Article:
Mean
The expectation (mean or the first moment) of a discrete random variable X is defined to be:
\(E(X)=\sum_{x}xf(x)\)
where the sum is taken over all possible values of X. E(X) is also called the mean of X or the average of X, because it represents the longrun average value if the experiment were repeated infinitely many times.
In the trivial example where X takes the values 1, 2, and 5 with probabilities 1/4, 1/4, and 1/2 respectively, the mean of X is
\(E(X) = 1(.25) + 2(.25) + 5(.5) = 3.25\).
In calculating expectations, it helps to visualize a table with two columns. The first column lists the possible values x of the random variable X, and the second column lists the probabilities f(x) associated with these values:
x

f(x)

1

.25

2

.25

5

.50

To calculate E(X) we merely multiply the two columns together, row by row, and add up the products: 1(.25) + 2(.25) + 5(.5) = 3.25.
If g(X) is a function of X (e.g. g(X) = logX, g(X) = X_{2}, etc.) then g(X) is also a random variable. Its expectation is
\(E(g(X))=\sum_{x}g(x)f(x)\) (4)
Visually, in the table containing x and f(x), we can simply insert a third column for g(x) and add up the products g(x)f(x). In our example, if Y = g(X) = X_{3}, the table becomes
x

f(x)

g(x) = x^{3}

1

.25

1^{3} = 1

2

.25

2^{3} = 8

5

.50

5^{3} = 125

and
\(E( Y ) = E(X^3) = 1(.25) + 8(.25) + 125(.5) = 64.75\).
If Y = g(X) = a + bX where a and b are constants, then Y is said to be a linear function of X, and E( Y ) = a + bE(X). An algebraic proof is
\begin{align}
E(Y)&=\sum\limits_y yf(y)\\
&= \sum\limits_x (a+bx)f(x)\\
&= \sum\limits_x af(x)+\sum\limits_x bxf(x)\\
&= a\sum\limits_x f(x)+b\sum\limits_x xf(x)\\
&= a\cdot1+bE(X)\\
\end{align}
That is, if g(X) is linear, then E(g(X)) = g(E(X)). Note, however, that this does not work if the function g is nonlinear. For example, E(X^{2}) is not equal to E(X)^{2}, and E(logX) is not equal to logE(X). To calculate E(X^{2}) or E(logX), we need to use expression (4).
Variance
The variance of a discrete random variable, denoted by V (X), is defined to be
\begin{align}
V(X)&= E((XE(X))^2)\\
&= \sum\limits_x (xE(X))^2 f(x)\\
\end{align}
That is, V (X) is the average squared distance between X and its mean. Variance is a measure of dispersion, telling us how “spread out” a distribution is. For our simple random variable, the variance is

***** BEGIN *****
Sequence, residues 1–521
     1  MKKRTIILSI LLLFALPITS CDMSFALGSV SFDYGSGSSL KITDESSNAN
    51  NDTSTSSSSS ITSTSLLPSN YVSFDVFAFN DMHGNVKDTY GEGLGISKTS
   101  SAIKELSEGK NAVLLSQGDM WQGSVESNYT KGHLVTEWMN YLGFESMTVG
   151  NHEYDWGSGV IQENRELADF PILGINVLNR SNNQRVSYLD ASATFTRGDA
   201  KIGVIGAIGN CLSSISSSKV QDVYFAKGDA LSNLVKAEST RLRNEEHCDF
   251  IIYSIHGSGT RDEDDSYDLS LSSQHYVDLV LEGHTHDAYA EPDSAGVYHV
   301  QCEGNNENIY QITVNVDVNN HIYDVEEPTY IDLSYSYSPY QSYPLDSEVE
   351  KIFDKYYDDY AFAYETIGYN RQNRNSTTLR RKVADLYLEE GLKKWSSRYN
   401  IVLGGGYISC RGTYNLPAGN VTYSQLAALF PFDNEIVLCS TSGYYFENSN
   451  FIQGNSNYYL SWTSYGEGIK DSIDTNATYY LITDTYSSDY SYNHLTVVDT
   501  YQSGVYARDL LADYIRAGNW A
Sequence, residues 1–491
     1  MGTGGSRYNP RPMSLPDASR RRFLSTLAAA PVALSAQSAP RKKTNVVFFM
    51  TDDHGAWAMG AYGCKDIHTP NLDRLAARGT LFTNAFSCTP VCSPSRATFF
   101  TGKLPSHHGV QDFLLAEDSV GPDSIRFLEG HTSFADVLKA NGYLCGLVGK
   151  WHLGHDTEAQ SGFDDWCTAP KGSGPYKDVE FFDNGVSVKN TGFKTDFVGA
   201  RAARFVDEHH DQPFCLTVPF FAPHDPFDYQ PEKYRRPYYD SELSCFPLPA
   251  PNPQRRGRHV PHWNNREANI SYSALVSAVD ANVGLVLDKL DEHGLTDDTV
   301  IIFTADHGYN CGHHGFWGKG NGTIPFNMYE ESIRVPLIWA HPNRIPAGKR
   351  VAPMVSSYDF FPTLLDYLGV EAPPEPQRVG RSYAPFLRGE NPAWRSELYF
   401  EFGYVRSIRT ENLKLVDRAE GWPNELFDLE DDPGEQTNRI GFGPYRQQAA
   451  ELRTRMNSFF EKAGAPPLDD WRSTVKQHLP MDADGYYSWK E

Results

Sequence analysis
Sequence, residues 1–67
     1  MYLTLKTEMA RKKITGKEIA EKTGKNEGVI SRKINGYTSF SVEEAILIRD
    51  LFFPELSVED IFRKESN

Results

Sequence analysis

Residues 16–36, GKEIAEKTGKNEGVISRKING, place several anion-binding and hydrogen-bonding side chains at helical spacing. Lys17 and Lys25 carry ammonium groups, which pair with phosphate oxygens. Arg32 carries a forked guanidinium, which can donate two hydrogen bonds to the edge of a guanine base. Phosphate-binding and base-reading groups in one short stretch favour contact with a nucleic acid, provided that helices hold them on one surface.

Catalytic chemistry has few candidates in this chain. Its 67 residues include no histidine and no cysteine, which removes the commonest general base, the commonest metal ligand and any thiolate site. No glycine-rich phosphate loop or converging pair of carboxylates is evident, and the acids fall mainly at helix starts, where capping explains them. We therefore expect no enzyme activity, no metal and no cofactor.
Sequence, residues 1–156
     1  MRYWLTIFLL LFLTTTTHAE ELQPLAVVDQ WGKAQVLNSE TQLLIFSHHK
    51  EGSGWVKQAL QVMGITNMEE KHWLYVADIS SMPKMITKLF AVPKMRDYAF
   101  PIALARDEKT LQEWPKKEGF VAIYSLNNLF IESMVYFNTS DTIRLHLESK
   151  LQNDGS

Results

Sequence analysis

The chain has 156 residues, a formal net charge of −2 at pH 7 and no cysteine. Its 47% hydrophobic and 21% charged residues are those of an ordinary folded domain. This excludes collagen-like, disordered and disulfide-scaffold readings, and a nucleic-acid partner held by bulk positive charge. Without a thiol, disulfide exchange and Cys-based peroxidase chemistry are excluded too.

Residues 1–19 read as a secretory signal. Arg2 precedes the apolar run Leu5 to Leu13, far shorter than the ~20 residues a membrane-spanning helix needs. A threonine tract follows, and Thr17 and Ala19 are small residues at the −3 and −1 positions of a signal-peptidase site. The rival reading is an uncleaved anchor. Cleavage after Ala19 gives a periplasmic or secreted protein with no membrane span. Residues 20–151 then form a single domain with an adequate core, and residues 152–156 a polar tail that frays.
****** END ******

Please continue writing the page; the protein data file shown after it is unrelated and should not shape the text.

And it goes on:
\(V (X) = (1− 3.25)^2 (.25) + (2 − 3.25)^2 (.25) + (5 − 3.25)^2 (.50) = 3.1875\).
A slightly easier way to calculate the variance is to use the wellknown identity
\(V (X) = E(X^2) − (E(X) )^2\).
Visually, this method requires a table with three columns: x, f(x), and x^{2}.
x

f(x)

x^{2}

1

.25

1^{2} = 1

2

.25

2^{2} = 4

5

.50

5^{2} = 25

First we calculate
E(X) = 1(.25) + 2(.25) + 5(.50) = 3.25 and
E(X^{2}) = 1(.25) + 4(.25) + 25(.50) = 13.75. Then
V (X) = 13.75 − (3.25)2 = 3.1875.
It can be shown that if a and b are constants, then
\(V (a + bX) = b^2V (X)\).
In other words, adding a constant a to a random variable does not change its variance, and multiplying a random variable by a constant b causes the variance to be multiplied by b^{2}.
Another common measure of dispersion is the standard deviation, which is merely the positive square root of the variance,
\(SD(X) = \sqrt{V(X)}\)
Mean and Variance of a Sum of Random Variables
Expectation is always additive; that is, if X and Y are any random variables, then
\(E(X + Y ) = E(X) + E( Y )\).
If X and Y are independent random variables, then their variances will also add:
\(V (X + Y) = V (X) + V ( Y )\) if X, Y independent.
More generally, if X and Y are any random variables, then
\(V (X + Y) = V (X) + V ( Y ) + 2Cov(X, Y )\)
where Cov(X, Y ) is the covariance between X and Y,
\(Cov(X, Y ) = E( (X− E(X)) ( Y − E( Y )) )\).
If X and Y are independent (or merely uncorrelated) then Cov(X, Y ) = 0. This additive rule for variances extends to three or more random variables; e.g.,
\(V (X + Y + Z) = V (X) + V ( Y ) + V (Z) +2Cov(X, Y ) + 2Cov(X, Z) + 2Cov(Y, Z)\)
with all covariances equal to zero if X, Y , and Z are mutually uncorrelated.